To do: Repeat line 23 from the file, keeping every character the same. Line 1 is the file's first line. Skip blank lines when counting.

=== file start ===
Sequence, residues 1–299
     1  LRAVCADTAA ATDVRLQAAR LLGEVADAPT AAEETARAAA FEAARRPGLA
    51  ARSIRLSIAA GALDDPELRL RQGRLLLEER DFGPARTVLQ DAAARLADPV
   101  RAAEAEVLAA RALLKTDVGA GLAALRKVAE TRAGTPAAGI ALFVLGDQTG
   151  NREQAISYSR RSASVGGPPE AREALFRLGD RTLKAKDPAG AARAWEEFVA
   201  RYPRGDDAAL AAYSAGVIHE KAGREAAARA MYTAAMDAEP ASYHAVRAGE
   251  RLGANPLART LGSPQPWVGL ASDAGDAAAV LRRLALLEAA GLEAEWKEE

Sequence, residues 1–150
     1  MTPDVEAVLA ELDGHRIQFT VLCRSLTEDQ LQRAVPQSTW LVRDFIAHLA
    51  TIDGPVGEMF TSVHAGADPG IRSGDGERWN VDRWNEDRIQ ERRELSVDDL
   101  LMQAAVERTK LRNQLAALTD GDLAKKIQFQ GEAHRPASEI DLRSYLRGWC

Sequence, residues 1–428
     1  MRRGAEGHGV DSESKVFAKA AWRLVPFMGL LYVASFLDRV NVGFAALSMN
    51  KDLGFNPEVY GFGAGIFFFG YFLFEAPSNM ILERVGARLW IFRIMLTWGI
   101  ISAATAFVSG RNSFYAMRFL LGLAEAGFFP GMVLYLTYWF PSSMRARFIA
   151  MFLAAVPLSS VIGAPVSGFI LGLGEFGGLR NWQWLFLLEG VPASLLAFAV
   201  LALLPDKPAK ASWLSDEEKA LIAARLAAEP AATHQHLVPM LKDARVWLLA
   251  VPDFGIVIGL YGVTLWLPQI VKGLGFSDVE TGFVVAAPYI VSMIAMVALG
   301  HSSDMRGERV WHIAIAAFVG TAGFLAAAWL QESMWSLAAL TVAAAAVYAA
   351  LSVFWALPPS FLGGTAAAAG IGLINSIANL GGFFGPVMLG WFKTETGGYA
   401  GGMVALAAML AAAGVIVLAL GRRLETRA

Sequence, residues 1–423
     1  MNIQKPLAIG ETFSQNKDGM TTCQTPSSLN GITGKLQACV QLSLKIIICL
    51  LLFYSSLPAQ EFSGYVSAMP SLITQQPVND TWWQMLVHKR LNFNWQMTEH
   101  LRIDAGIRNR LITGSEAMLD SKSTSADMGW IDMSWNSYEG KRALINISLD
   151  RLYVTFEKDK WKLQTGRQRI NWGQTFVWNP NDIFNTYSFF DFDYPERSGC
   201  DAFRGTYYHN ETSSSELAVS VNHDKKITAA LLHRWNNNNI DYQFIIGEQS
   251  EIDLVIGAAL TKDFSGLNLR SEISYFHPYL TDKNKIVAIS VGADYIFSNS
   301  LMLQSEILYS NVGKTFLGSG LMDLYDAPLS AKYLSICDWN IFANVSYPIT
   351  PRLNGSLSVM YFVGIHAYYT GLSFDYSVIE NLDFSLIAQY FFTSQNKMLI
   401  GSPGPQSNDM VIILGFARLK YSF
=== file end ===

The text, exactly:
     1  MNIQKPLAIG ETFSQNKDGM TTCQTPSSLN GITGKLQACV QLSLKIIICL